The entire purpose of this column began as a means by which to showcase the presence of funk,in its many forms,within music released just before or after the new millennium. In the case of today’s song,I am making a huge exception. The reason for this is to make a point about the message behind funk music itself and how it effects people in society. The message in the music is a very liberating one. So often one hears songs such as Earth Wind & Fire’s “Singasong”,Roy Ayers’ “Everybody Loves The Sunshine” or Kool & The Gang’s “Love And Understanding” and has a romantic vision in their minds of the 1970’s as being a thoroughly incredible time frame. I include myself in having has such visions.
Historically however,the 70’s decade had many similarities to today. The Watergate scandal created mass cynicism about political change for the better among a generation,an fuel shortage made transportation and even the pressing of vinyl albums themselves a difficult matter and poverty continued to broaden across America. That presumed “incredible time” comes from the fact that the popular culture,the funk era in particular,responded generally with hope for the future and encouragement for the present after the more paranoid outlook of The O’Jays “Backstabbers” or Undisputed Truth’s “Smiling Faces Sometimes”. And I cannot think of a song that encompasses this ethic much better than Ronnie Laws’s “Live Your Life Away”.
Musically the song,produced by EWF’s Larry Dunn and featured on the end of Laws’ 1978 album Flame,the song is instrumentally an very encompassing mixture of the sleekly produced band sound that one would hear from an EWF recording. On the other hand the instrumentation is based around a glistening,high pitched and chiming synthesizer solo with a strong and slinky bass synth set both beneath and all around it. So in terms of the playing style in general, the approach is a lot closer to that of Stevie Wonder-all coming together for that synergy that create an instrumental stamp unique for Ronnie Laws’ music. On the other hand on the chorus,the chords of the songs change to a basic blues hook-matched by the smooth 12-bar blues guitar riff courtesy of EWF supplicant,the late Roland Bautista. This perfect matches the duel nature in the mood of this song.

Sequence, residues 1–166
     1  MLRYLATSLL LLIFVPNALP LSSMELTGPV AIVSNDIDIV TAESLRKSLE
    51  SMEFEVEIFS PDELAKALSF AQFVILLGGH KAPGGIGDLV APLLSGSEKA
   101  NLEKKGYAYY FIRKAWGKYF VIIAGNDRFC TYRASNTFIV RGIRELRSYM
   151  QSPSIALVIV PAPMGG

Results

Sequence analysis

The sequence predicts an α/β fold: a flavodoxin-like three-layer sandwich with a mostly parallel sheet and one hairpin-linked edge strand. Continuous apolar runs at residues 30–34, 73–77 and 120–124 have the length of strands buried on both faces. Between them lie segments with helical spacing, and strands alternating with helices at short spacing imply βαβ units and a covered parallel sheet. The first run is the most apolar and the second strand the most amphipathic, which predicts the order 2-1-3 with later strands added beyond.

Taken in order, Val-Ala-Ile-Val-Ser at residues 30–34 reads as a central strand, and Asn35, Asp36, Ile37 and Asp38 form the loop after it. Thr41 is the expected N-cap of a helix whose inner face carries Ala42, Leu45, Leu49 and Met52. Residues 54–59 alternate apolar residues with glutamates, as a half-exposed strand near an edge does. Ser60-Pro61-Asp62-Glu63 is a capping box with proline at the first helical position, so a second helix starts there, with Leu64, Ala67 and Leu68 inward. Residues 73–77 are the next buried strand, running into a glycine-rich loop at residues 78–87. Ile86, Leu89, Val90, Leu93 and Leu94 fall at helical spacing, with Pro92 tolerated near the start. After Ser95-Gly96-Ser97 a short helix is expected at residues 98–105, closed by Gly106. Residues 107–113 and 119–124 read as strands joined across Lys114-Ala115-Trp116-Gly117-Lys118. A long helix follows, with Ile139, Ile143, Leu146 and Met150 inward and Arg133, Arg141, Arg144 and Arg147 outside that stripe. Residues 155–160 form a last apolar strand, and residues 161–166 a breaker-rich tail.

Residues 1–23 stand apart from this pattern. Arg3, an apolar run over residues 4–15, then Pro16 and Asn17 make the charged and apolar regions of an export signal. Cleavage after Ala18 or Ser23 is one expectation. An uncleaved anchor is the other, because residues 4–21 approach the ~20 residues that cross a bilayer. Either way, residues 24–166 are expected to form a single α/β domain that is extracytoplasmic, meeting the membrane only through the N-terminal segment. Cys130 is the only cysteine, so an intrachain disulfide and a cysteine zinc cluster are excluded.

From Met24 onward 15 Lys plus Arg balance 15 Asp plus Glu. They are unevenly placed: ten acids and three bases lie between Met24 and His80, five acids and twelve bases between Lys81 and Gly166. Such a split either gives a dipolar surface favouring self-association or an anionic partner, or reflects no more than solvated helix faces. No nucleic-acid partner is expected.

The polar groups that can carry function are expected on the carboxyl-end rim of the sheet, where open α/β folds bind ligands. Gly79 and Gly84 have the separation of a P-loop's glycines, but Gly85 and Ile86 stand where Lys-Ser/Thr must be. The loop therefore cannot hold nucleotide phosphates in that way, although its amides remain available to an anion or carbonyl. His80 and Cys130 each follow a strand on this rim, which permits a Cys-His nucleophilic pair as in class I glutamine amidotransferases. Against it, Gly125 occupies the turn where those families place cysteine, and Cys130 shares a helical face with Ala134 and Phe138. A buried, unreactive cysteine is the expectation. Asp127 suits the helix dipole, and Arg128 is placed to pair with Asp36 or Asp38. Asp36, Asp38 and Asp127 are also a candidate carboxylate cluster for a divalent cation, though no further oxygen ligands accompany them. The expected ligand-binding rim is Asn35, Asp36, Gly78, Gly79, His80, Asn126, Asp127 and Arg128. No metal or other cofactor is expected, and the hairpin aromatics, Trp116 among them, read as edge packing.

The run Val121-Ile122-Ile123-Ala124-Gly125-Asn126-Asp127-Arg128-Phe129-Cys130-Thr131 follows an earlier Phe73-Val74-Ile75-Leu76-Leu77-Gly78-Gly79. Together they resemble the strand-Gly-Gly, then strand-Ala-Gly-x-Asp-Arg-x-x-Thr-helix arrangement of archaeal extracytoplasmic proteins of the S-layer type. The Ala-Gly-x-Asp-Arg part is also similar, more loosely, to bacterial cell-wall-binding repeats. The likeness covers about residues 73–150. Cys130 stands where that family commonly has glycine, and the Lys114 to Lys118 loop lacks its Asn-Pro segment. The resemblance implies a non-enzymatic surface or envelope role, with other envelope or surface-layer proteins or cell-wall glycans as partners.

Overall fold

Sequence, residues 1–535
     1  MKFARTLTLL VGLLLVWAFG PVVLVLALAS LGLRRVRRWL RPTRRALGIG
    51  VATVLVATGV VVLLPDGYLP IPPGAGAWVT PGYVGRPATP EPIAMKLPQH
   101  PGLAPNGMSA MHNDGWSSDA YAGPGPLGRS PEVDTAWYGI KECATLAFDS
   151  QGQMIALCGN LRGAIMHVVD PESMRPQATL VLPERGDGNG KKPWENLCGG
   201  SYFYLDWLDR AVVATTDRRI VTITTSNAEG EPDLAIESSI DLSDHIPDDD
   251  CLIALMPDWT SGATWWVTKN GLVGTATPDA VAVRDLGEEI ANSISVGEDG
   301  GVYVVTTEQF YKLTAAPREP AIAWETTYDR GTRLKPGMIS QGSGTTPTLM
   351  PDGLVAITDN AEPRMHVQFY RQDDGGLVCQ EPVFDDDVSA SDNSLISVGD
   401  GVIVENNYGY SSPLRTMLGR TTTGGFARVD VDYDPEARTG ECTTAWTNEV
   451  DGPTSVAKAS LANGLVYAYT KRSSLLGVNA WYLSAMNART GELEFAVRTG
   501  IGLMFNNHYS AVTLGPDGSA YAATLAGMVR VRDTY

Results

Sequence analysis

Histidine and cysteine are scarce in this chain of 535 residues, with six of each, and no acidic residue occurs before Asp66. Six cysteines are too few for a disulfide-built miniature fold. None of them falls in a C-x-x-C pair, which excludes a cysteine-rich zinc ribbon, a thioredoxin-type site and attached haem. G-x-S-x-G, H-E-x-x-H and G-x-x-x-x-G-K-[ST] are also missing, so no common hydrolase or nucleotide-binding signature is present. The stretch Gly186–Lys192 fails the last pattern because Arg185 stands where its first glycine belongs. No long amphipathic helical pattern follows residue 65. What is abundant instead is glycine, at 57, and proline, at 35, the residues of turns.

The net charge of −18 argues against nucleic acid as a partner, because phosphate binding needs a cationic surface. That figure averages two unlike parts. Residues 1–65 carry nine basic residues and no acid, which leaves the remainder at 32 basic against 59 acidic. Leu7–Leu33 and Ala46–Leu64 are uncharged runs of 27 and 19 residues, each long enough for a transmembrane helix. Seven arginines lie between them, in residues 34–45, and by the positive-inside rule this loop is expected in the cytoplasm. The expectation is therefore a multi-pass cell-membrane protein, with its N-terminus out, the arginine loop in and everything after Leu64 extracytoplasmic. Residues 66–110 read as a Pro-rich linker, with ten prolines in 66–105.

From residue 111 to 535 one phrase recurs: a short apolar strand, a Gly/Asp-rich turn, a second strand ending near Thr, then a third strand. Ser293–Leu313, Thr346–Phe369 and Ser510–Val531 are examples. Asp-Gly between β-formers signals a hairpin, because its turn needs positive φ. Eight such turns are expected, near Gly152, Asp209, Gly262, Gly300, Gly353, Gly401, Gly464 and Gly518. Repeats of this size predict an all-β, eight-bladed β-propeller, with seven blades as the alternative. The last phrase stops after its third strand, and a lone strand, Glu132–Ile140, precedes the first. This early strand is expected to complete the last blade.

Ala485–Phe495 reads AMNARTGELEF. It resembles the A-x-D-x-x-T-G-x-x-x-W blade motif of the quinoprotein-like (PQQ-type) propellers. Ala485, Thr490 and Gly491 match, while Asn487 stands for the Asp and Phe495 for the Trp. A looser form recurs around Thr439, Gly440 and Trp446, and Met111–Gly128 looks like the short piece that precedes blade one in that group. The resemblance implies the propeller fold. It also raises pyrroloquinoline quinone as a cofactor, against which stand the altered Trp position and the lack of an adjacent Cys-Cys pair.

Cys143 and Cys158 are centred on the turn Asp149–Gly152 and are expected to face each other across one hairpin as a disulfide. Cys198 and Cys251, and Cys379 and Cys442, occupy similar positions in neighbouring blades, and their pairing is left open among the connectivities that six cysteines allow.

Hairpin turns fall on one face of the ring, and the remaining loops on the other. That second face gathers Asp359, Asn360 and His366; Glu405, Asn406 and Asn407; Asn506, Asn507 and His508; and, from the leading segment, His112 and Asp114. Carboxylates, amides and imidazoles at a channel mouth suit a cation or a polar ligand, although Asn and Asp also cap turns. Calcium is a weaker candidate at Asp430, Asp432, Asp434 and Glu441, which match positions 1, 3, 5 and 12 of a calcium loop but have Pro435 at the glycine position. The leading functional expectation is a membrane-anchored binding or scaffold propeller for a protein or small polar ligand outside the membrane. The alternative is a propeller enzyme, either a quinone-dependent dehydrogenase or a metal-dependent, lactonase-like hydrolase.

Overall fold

And this songs duel lyrical nature comes from the lyrics. On the rather melodically bright vocal refrains,the message is one that is sorely needed from popular music in today’s workaminute world-basically to “push ahead but don’t move too fast” and that people can spend too much energy and time “pursuing pleasures that really never pay”. The songs message is not only uplifting but extremely practical as it encourages balance over struggle,genuine relief of stress over denial. At the same time the chorus warns that this is so important to do because “you can live your life away”-instrumentally accompanied by the classic blues riff. And though this song represented something of a “so long” to the original funk era? It is the idea instrumental and lyrically conceptual funk direction for modern musicians to take in a society where the extremes of apathy and frustration and strong allegiances to social/political parties offered up as a confusing mixed message. As George Clinton said, funk not only moves but can remove. And today this type of groove would be just what the doctor ordered.